Cytoskeletal waves in the absence of molecular motorsK. Doubrovinski and K. Kruse
Theoretische Physik, Universität des Saarlandes - Postfach 151150, 66041 Saarbrücken, Germany, EU
received 20 February 2008; accepted in final form 19 May 2008; published July 2008
published online 19 June 2008
Waves are a ubiquitous phenomenon in the cytoskeleton of cells crawling or spreading on a substrate. In theoretical analysis, cytoskeletal waves have been attributed to the action of molecular motors that actively cross-link cytoskeletal filaments. Motivated by recent observations of cytoskeletal waves in human neutrophils, we develop a description of treadmilling filaments in the presence of nucleating proteins that are active when bound to the membrane adjacent to the substrate. If these proteins bind cooperatively to the membrane, we find traveling waves even in the absence of molecular motors. In a confined domain the system can organize into a pair of counter-rotating spirals that emit planar waves.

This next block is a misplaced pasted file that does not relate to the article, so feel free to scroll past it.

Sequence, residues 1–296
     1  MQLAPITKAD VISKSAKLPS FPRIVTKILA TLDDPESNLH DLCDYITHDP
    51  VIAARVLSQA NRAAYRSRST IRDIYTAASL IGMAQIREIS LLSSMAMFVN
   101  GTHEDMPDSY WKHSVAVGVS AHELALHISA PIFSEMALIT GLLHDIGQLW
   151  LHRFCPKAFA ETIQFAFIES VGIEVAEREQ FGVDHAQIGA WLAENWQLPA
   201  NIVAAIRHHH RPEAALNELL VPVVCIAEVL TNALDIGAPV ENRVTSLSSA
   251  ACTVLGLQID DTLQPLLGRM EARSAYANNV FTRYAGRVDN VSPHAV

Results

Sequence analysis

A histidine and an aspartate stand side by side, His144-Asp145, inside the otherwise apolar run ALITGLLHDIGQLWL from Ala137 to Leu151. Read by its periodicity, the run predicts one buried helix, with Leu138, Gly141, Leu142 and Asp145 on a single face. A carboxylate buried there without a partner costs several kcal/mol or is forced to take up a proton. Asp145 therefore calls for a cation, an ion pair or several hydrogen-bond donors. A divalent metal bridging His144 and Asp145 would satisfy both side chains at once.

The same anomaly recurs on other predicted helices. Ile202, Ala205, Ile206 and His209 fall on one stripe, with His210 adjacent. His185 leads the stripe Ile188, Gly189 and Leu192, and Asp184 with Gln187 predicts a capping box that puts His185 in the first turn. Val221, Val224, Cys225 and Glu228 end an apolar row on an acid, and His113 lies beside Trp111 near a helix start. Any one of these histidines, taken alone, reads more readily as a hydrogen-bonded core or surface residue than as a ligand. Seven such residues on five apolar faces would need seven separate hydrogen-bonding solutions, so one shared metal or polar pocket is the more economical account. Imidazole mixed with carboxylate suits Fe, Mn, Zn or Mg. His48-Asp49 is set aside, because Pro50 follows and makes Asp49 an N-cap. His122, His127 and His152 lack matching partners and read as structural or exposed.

87.16.Ka - Filaments, microtubules, their networks, and supramolecular assemblies.
87.16.-b - Subcellular structure and processes.
87.15.rp - Polymerization.
© EPLA 2008